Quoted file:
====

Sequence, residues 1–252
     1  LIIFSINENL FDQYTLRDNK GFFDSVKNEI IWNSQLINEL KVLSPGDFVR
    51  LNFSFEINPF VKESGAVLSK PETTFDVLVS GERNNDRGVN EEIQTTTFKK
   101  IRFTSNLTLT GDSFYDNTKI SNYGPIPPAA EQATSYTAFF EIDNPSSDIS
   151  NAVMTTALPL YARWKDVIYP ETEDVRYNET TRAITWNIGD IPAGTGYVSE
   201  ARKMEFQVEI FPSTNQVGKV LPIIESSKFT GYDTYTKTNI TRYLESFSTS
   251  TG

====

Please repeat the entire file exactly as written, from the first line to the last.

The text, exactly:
Sequence, residues 1–252
     1  LIIFSINENL FDQYTLRDNK GFFDSVKNEI IWNSQLINEL KVLSPGDFVR
    51  LNFSFEINPF VKESGAVLSK PETTFDVLVS GERNNDRGVN EEIQTTTFKK
   101  IRFTSNLTLT GDSFYDNTKI SNYGPIPPAA EQATSYTAFF EIDNPSSDIS
   151  NAVMTTALPL YARWKDVIYP ETEDVRYNET TRAITWNIGD IPAGTGYVSE
   201  ARKMEFQVEI FPSTNQVGKV LPIIESSKFT GYDTYTKTNI TRYLESFSTS
   251  TG